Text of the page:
I've been a slacker lately, as far as blogging goes. It should come as no surprise that I have also slacked off in the working out & eating well departments too. The last two weeks have been rough. It started off with some weird stomach bug and I wasn't sleeping well and it snowballed in to big fat laziness. I went four days without running or working out and let me tell you, there's a fine line between enough rest and too much rest. I didn't just cross the line, I peed on it. I didn't log my meals for pretty much an entire week and when I stepped on the scale this morning, it showed. I gained almost four pounds over the last two weeks. No bueno, my friends.
I always used to roll my eyes when skinny people would say they needed to lose five pounds so their pants would fit better. Yeah, five pounds, what could that possibly do for you? I'll tell you what... the skinny folk are right. I gained less than five pounds but I can FEEL it and I don't like that feeling at all. Here's something that I think people can maybe relate to: self-sabotage. If you've ever tried repeatedly to lose a significant amount of weight, you are probably familiar with the idea.
Two weeks ago I was at the lowest weight I can remember being in my adult life. I was approximately three pounds away from a HUGE milestone (I refuse to share details about this until I actually cross that line). I should have been ecstatic and I was, sort of. I had just run my first 5K and finished with a time I was very proud of. Then something weird happened... it felt almost like a post-race depression. I no longer had that race-day excitement to look forward to and I felt a little lost.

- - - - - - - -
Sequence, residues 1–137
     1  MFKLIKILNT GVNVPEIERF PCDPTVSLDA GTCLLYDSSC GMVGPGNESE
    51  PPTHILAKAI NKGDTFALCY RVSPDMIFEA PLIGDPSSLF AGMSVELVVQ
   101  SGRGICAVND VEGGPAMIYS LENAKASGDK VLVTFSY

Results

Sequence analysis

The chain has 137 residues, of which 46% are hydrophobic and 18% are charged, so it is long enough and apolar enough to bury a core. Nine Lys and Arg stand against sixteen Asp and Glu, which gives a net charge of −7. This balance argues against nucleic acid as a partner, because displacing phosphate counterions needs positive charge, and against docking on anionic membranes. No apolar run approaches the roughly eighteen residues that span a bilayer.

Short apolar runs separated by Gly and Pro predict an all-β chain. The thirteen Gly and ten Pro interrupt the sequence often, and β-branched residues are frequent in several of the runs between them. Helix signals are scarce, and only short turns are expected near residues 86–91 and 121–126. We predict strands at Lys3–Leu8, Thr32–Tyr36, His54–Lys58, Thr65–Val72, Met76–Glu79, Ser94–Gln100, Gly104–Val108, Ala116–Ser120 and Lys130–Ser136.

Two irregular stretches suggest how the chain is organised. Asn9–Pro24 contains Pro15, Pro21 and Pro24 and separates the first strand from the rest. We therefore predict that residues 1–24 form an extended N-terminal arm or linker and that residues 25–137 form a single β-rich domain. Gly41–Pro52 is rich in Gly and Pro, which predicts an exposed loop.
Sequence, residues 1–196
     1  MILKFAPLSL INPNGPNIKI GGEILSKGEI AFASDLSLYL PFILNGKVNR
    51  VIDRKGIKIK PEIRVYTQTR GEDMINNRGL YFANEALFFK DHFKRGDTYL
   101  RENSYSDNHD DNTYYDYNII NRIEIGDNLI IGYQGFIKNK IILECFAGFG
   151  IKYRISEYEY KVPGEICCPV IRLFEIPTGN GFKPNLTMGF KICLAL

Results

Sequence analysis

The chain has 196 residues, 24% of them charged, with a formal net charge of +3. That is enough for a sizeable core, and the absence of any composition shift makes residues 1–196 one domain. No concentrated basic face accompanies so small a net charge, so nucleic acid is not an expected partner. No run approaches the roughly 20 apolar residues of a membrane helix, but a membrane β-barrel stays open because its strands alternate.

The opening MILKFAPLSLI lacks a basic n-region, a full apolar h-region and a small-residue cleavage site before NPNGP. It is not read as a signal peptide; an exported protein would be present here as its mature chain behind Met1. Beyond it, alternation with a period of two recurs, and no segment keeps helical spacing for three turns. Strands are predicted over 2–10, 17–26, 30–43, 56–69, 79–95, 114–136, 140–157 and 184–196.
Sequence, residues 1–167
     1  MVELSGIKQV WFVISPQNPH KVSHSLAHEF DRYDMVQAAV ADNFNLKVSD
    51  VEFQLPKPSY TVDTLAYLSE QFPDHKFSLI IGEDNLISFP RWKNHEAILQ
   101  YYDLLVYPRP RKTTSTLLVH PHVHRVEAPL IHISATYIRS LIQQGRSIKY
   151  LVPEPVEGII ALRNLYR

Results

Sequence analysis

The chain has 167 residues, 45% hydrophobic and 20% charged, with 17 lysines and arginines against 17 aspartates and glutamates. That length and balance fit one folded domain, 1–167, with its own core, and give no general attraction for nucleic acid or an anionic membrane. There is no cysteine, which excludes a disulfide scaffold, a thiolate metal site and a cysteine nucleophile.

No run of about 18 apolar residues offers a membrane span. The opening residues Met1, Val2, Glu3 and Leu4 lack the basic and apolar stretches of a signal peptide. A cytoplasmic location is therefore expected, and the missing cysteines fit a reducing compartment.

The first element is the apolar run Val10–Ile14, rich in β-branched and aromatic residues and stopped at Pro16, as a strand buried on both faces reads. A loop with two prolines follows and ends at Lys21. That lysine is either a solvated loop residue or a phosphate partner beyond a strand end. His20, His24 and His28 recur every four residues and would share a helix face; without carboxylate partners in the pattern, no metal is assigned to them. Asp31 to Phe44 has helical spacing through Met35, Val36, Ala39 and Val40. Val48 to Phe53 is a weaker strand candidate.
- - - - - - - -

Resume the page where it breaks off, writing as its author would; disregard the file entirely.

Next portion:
At the encouragement of some friends, I signed up for a half-marathon even though I've only ever run one 5K before... two weeks ago. [Note: You can see a list of races I'm contemplating here.] Curious and excited, I began to look into half-marathon training plans. Then the doubts started to creep in, those ugly little bastards. "What am I doing?" "You can't even run 5 miles let alone 13.1." I started to believe them and I started to feel sorry for myself. For the record, this is never productive.
I neglected to do my Sunday meal prep and then panicked when I didn't have any prepared foods to bring to work. I don't like eating when I first wake up so I usually bring oatmeal or cereal with me and eat breakfast in the office. Last week I was lucky if I remembered to grab a banana as I ran out the door. You can imagine that I was positively starving by the time lunch rolled around and so I stuffed myself silly until my stomach literally ached.
This week I picked myself up and started back with my regular routine on Tuesday.As usual I had a great time at Zumba. My run Wednesday was not pretty, nor was it fast but it got done and that's all that matters. Yesterday was Zumba again and I realized how much I truly look forward to that class. My running can sometimes feel too serious because I'm constantly calculating and judging myself. Zumba is mostly the opposite where I can just be silly and let loose and I love it for that reason. I have noticed that the faster a song is, the better I dance to it. I'm pretty sure this relates directly to over-thinking; when the beat is fast there is no time to think, you just move. As a notorious over-analyzer, that brief absence of thought is blissful.
This morning's weigh-in was a nice wake-up call to turn things around. I went out and bought a planner so I can visualize and prepare for my workouts. I have already planned a menu for next week and will be making some diverse and flavorful meals such as jerk chicken and dal tadka. For breakfast, I'll be eating protein-rich greek yogurt with mix-ins (peanut butter, apple butter, granola, nuts, etc) and some fruit. They say when you fail to plan, you plan to fail and next week will be nothing short of success.